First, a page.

The line of women and children just seemed to keep going. They came in, once a month, and were paid a gold coin, by executive order of the King, for, what he called, services rendered. Sedrick shook his head. This was the straw that broke the camel's back, he thought. This was what had finally pushed him over the edge.

Sedrick said, "Our last count was thirty-seven."

"Thirty-seven!" Varin could barely keep his voice down. Women and children, and even the guards assigned to make sure each woman signed her name and took her gold coin all looked over at him, surprised.

Sedrick said, "Calm down."

"Thirty-seven? That can't be right." Varin said, lowering his voice.

"Come on." Sedrick said. "Let's get out of here."

They walked up the steps and through a large wooden door back into the interior of the castle, and walked the halls, back towards Sedrick's office.

"Thirty-seven?" Varin kept saying.

"Why is it so much of a surprise? To be honest, I'm surprised it's not higher. What's he with, three, four women a week? There's bound to be ones out there we don't know about. And seriously, he's probably up there with thirty-eight right now!"

"It's staggering." Varin said.

"I agree. And it's costing us money. Thirty-seven gold a month, to be exact."

"We bring in more than that." Varin said, dismissively.

"It's good money we're just throwing away!" Sedrick looked pissed. Varin knew he'd hit a weak point. Sedrick was always worried about the money.

"Why do you care, Sedrick? Do you want a raise? Don't you have enough?" Varin decided to push Sedrick's buttons a little. See where he went.

"What could we do with that money?" Sedrick asked, returning the question. "Hire more guards? Make more weapons?"

"What do we need with those?" Varin replied, not letting Sedrick drag him in.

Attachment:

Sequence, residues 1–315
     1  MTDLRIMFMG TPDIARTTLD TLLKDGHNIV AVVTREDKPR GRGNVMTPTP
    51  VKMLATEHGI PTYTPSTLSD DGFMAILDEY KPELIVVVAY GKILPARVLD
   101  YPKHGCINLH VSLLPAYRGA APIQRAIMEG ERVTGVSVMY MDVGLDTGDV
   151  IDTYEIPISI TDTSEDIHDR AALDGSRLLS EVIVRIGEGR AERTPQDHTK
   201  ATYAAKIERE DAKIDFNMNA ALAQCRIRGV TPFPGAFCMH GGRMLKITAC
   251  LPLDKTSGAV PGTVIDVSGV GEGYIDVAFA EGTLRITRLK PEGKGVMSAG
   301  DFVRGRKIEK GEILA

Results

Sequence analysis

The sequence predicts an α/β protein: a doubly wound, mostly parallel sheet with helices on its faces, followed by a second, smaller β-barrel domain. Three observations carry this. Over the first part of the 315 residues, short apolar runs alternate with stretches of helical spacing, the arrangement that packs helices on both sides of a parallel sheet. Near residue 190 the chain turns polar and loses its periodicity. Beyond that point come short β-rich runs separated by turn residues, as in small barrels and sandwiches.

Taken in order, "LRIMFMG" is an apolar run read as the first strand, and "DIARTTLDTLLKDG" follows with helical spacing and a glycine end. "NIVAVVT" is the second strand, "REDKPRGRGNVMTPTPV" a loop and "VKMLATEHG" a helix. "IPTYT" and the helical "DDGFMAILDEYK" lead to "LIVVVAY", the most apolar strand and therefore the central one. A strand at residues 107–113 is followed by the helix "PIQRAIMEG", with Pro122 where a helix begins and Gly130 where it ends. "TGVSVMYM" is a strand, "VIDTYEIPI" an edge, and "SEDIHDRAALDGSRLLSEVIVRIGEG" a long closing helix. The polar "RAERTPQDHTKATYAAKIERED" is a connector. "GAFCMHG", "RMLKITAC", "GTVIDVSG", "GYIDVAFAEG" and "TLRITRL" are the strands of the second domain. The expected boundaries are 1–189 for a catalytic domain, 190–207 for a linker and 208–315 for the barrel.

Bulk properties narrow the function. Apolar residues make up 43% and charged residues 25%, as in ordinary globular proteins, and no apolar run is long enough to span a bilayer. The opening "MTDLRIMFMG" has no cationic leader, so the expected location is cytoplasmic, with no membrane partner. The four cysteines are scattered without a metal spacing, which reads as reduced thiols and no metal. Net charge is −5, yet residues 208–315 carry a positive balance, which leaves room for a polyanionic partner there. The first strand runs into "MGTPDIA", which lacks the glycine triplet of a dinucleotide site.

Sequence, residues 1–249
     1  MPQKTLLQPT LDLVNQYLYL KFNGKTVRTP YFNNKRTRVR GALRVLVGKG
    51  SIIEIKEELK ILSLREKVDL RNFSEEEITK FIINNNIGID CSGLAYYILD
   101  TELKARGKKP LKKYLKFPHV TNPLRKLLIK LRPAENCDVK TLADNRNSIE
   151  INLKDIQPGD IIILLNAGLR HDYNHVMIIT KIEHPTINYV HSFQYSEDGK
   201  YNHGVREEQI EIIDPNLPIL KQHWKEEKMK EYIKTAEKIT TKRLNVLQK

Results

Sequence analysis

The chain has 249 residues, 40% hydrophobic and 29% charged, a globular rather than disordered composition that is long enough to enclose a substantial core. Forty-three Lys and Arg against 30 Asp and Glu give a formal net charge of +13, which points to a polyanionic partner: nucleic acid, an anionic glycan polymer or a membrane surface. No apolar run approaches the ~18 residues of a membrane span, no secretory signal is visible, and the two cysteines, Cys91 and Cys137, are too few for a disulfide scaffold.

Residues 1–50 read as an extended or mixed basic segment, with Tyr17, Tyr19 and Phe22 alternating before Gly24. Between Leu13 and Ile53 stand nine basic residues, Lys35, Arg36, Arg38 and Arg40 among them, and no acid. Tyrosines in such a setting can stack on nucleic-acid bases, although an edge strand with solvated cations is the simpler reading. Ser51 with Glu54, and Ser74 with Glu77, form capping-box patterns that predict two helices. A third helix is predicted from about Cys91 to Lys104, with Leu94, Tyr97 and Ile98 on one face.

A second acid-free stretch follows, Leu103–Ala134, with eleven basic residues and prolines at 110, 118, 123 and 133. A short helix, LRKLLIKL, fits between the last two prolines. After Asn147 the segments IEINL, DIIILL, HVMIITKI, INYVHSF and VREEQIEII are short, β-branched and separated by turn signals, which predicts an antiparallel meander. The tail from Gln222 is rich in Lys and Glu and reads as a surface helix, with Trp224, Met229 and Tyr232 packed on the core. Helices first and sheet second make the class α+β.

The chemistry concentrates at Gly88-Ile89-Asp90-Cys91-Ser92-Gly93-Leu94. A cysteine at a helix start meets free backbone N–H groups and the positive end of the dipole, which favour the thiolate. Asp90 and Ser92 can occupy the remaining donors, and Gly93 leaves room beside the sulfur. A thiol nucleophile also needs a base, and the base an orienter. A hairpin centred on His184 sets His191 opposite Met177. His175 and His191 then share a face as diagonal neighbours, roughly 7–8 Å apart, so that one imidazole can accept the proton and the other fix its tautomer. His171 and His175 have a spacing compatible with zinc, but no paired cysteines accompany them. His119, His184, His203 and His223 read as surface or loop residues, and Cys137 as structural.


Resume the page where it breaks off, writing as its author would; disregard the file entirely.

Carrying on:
"Grandview is constantly over run with invading forces. But we never do anything about it!"

"If you mean Gandermere, they camped on our northern slopes for about a week while they were sieging the Northlander's capital."

"That's exactly what I mean." Sedrick said, his voice hissing like a snakes. "And don't tell me that doesn't bother you."

"I serve at the King's pleasure." Varin said.

"Don't play coy with me." Sedrick said. "You and I have been through this."

They went into Sedrick's office and he slammed the door shut.

Varin said, "Very well. We shouldn't let them do that. I agree. But what can I do? You know he doesn't care."

"That's just it." Sedrick said, sitting behind his desk and smiling. "He doesn't care. But I do. You do. And once he's gone, we're going to make sure Gandermere doesn't ever do that again."

"And we're going to stop paying all those women and children?" Varin asked.

"Trollops and bastards." Sedrick answered. "Yes, that money would be better spent on military matters."

"And a bigger office for you?"

"Bigger office?" Sedrick asked. "The biggest office in the land." He chuckled to himself.

"The king has lots of friends." Varin said.

Sedrick gave him a funny look. "I thought you were taking care of that."

Varin said, "As much as I can. I've done things I'm not proud of."

"Don't worry about that. History will forgive you. The man we serve is incompetent, and the whole Kingdom would do better to have someone else running things. Someone who thinks about how to keep an empire running for longer than it takes to bed a woman."

"Someone like you?" Varin asked.

"Someone like that, yes."

"What about the kids? The mothers? We're just done with them?" Varin asked.

"I'm taking care of that. Don't you worry."


"Don't ask questions you don't want the answers to." Sedrick said, a dark look covering his face.

Varin stared him down for a couple of seconds, but decided he didn't really care. He said, "Fine." And exited the room.

Sedrick had already decided how to deal with the prostitutes who came begging at his door once a month. And that's really what they were, wasn't it? Hookers? Whores? Women who had slept with the king, and now were paid a monthly stipend? The idea of sleepovers had come to him just this morning, and he could see it to, the King making time with one of the women he'd already sired a child with, while the kid played next door with a nanny and a room full of toys.